Spring Opening of the Pond Hive and the Copper Hive
When it's warm enough to be outside in a T-shirt, it's warm enough to open a beehive. Apart from briefly removing the hive rooves to rearrange boxes a couple of weeks ago, I have left the bees to their own devices for about the past 5 months. Today I had a first proper look at the frames in the brood boxes of the Pond Hive and the Copper Hive.
I already knew that the colonies were thriving, because on warm sunny afternoons there is a black mass of bees at the hive entrances, with foragers coming and going and house bees taking the air. However, the wider beekeeping world at this time of year (and for the past few months) is filled with warnings about colonies starving to death, imperatives to provide fondant or sugar-syrup to feed the bees, and beekeepers exchanging tips on where to buy cheap fondant or sugar. Now that I am cautiously optimistic that all 4 of my colonies have made it through the winter, I feel safe enough to admit that I ignore this advice, and even rather disdain it. I opt for a simpler solution: when harvesting honey from a hive, don't take the whole lot. Only take the excess. I am happier that my bees live in winter on the honey they stored the previous summer, as honey bees are supposed to do. In what I like to think of as the "artisan" end of beekeeping, I believe there is room for this approach.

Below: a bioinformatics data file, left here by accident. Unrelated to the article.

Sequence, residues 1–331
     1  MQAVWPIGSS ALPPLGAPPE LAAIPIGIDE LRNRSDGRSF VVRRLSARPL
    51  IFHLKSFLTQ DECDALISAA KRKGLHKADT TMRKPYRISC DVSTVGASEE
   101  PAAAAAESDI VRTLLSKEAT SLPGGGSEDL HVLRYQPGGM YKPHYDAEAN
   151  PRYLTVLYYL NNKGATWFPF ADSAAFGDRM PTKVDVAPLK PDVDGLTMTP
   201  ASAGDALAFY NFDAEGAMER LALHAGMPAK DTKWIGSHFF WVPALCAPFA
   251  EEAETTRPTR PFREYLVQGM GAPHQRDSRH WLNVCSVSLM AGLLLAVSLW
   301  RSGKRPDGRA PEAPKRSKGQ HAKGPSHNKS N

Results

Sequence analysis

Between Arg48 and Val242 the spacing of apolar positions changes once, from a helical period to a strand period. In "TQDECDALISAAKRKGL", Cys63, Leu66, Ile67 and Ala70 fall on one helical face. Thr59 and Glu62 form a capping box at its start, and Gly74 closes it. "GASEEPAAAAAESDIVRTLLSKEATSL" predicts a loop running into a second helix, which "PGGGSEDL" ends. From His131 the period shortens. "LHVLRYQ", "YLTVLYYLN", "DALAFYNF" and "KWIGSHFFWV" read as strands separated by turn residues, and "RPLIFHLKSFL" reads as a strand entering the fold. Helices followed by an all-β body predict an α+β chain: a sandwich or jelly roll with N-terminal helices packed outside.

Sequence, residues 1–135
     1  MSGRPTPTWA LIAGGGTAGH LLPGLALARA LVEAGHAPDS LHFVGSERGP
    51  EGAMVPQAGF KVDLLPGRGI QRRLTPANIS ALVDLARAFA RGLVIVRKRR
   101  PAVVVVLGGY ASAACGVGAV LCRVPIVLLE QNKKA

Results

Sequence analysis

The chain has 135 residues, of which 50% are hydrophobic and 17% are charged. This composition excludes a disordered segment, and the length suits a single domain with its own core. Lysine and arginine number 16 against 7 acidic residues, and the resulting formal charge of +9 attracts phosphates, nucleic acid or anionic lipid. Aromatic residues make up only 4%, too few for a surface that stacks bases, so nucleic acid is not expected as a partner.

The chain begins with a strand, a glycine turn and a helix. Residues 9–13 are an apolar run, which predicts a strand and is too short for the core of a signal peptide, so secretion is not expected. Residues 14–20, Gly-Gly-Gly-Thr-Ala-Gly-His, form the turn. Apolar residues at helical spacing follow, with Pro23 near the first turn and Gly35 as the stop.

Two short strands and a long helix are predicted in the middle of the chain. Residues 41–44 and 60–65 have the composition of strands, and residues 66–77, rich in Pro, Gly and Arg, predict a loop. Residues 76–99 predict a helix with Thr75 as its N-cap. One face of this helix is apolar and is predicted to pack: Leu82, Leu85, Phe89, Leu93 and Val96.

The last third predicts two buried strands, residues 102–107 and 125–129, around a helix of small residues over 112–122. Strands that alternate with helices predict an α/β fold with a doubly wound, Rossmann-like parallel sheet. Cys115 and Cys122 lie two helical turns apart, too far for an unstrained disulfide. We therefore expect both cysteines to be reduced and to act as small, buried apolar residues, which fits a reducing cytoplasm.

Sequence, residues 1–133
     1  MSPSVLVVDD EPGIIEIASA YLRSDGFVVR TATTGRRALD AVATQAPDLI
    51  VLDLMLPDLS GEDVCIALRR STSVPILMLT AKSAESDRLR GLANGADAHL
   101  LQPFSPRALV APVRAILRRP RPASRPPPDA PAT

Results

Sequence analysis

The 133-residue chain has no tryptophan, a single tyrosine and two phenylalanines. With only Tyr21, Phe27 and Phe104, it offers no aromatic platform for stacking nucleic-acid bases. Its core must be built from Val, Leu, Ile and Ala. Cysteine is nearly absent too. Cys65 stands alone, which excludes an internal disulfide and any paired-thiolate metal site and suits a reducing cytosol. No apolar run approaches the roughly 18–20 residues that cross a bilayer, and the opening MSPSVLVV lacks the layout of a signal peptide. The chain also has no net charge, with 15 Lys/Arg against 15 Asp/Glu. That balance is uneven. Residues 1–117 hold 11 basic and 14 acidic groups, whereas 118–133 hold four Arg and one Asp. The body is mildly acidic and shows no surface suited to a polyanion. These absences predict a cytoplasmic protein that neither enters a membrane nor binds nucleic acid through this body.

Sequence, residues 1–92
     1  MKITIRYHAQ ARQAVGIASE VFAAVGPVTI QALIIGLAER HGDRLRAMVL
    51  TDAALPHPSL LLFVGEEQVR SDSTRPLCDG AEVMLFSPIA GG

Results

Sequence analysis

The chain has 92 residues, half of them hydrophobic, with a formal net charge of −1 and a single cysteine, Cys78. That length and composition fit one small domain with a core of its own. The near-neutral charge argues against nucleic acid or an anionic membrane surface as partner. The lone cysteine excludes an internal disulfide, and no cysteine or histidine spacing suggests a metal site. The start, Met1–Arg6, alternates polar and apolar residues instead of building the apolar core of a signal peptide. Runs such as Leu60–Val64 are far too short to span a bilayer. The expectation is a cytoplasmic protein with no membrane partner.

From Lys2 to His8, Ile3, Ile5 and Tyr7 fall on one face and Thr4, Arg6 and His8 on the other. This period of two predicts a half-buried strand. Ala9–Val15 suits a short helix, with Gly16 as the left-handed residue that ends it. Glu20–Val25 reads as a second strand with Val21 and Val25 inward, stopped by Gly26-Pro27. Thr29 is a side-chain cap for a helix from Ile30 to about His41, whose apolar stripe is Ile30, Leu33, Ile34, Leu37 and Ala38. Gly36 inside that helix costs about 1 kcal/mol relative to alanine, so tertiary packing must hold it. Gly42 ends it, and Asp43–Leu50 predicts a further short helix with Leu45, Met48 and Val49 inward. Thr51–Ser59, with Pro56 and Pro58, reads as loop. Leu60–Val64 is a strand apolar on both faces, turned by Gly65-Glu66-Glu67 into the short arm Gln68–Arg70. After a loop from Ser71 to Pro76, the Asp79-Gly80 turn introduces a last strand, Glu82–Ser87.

So, to the Pond Hive. This colony is headed by Queen Felicity, who was a swarm queen last year. They did not make masses of honey in their first season and I did not take any honey from them. In opening the hive today, I was anxious to check that they still had some left. Fortunately, they do! And the brood nest is building up ok. It wasn't quite T-shirt weather in the shade of the willow tree where the Pond Hive stands, and let's not pretend that the bees really benefitted from my interruption of their working day, but the beekeeper is content.
Then on to the Copper Hive. This colony is stronger and further advanced. They too have stores of honey. They already have drones, as well as wave upon wave of new workers. I saw Queen Dawn. She is a ginger-striped tiger of a queen! I am delighted.